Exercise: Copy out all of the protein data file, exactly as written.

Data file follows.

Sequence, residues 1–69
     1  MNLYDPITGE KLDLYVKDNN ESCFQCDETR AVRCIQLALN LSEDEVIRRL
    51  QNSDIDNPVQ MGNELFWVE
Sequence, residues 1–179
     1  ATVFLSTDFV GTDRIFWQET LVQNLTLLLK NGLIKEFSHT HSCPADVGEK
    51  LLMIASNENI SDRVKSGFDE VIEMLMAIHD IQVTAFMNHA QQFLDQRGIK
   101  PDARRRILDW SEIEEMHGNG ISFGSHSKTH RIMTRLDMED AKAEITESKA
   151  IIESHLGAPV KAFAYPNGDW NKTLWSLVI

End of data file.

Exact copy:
Sequence, residues 1–69
     1  MNLYDPITGE KLDLYVKDNN ESCFQCDETR AVRCIQLALN LSEDEVIRRL
    51  QNSDIDNPVQ MGNELFWVE
Sequence, residues 1–179
     1  ATVFLSTDFV GTDRIFWQET LVQNLTLLLK NGLIKEFSHT HSCPADVGEK
    51  LLMIASNENI SDRVKSGFDE VIEMLMAIHD IQVTAFMNHA QQFLDQRGIK
   101  PDARRRILDW SEIEEMHGNG ISFGSHSKTH RIMTRLDMED AKAEITESKA
   151  IIESHLGAPV KAFAYPNGDW NKTLWSLVI